Facilitating the fine-tuning of advanced hearing aids requires information about the acoustic environment. The concept of a “trainable” hearing aid may provide a more direct approach to hearing aid fine-tuning if the aid user is allowed to control the most important fitting parameters in his/her own acoustic environments.
In a laboratory study, the concept of self-adjustment of the gain-frequency response was tested by 24 hearing aid users using four different controllers with a limited number of control functions. Research questions focused on the reproducibility of the fine-tuned responses, the efficiency of the control configurations, and the effects of the control configuration on the end results of the fine-tuning process.
The subjects were able to provide systematic and reproducible feedback with respect to their preferences in different acoustic conditions presented audiovisually, achieving an average short- term test/retest standard deviation value of 2.8 dB. Two of the control configurations, featuring volume/slope and volume/bass/treble keys, were found to be more time-efficient and reliable, and were also preferred by 86% of the subjects. Although the control configuration did not have a strong influence on the end result, the gain-frequency response from which the subjects started their adjustments was found to have a significant effect on their preferred settings.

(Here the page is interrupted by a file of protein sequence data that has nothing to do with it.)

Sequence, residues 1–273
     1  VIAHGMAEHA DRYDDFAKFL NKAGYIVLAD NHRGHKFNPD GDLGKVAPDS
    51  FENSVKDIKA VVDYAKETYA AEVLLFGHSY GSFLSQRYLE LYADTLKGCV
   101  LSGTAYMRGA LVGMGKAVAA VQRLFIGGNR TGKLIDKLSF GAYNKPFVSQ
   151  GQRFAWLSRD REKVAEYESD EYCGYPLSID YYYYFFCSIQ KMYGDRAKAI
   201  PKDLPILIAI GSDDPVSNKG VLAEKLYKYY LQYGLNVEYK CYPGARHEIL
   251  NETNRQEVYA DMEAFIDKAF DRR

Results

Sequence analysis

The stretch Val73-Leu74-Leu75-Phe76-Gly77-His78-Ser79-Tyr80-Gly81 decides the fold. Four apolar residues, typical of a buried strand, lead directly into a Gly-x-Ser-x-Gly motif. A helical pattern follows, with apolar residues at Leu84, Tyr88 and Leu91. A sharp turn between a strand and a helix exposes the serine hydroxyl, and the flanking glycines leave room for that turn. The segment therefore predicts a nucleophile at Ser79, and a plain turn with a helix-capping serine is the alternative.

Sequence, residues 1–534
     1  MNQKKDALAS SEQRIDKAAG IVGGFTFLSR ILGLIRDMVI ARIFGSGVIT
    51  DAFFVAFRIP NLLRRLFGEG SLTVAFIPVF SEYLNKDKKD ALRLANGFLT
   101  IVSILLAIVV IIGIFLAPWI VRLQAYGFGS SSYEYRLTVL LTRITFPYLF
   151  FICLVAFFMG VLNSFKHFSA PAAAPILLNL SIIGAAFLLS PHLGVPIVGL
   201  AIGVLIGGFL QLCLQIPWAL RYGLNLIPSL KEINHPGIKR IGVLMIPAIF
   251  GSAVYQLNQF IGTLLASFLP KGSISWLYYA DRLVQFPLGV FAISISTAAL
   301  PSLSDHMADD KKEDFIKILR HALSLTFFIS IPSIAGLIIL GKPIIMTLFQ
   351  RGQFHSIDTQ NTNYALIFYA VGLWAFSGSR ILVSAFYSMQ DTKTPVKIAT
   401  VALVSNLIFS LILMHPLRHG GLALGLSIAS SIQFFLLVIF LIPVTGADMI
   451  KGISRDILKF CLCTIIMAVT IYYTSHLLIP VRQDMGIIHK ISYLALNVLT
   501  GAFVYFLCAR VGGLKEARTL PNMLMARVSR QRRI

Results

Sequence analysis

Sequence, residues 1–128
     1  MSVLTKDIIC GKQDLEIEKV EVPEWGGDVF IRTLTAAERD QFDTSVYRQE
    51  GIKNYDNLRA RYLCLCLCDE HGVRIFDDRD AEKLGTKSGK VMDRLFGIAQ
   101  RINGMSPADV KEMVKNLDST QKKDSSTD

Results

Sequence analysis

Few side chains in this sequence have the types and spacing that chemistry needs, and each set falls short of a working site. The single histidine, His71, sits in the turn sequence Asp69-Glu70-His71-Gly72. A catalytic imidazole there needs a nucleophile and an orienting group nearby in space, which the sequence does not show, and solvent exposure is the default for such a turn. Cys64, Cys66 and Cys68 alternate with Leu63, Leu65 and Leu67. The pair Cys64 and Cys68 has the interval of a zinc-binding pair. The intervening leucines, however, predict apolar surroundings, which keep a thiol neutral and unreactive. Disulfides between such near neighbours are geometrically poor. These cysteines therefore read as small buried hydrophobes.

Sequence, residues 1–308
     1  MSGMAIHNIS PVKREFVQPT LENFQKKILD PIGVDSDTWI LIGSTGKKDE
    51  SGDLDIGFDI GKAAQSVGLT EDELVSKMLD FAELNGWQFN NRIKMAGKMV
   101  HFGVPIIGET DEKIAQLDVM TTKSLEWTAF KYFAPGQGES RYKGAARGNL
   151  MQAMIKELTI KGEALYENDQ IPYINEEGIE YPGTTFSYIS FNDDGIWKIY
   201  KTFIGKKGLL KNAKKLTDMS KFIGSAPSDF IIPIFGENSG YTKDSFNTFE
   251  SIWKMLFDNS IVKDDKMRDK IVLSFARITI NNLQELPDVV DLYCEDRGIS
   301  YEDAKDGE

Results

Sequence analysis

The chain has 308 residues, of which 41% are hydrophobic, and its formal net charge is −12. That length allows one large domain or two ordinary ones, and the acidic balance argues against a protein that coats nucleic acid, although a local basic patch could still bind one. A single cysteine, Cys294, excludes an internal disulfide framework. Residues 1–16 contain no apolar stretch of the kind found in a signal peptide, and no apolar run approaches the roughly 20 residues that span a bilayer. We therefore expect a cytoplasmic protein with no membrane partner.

Client-based adjustments of hearing aid gain provide a reliable method of individual fine-tuning. The results also showed that a biased correction of amplification is reached via self-adjustment within one session, which reduces the effectiveness of fine-tuning in a traditional clinical setting.